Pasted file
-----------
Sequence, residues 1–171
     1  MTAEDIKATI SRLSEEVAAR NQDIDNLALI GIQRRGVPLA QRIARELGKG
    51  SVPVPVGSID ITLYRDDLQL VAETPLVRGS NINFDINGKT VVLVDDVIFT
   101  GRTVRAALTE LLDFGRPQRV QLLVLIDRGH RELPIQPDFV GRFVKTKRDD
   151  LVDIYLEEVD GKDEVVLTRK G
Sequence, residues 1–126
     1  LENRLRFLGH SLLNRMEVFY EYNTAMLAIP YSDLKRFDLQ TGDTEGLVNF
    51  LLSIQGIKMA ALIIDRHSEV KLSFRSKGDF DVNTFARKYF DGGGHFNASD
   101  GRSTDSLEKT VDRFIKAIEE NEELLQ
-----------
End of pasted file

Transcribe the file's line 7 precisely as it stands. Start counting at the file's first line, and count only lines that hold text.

     1  LENRLRFLGH SLLNRMEVFY EYNTAMLAIP YSDLKRFDLQ TGDTEGLVNF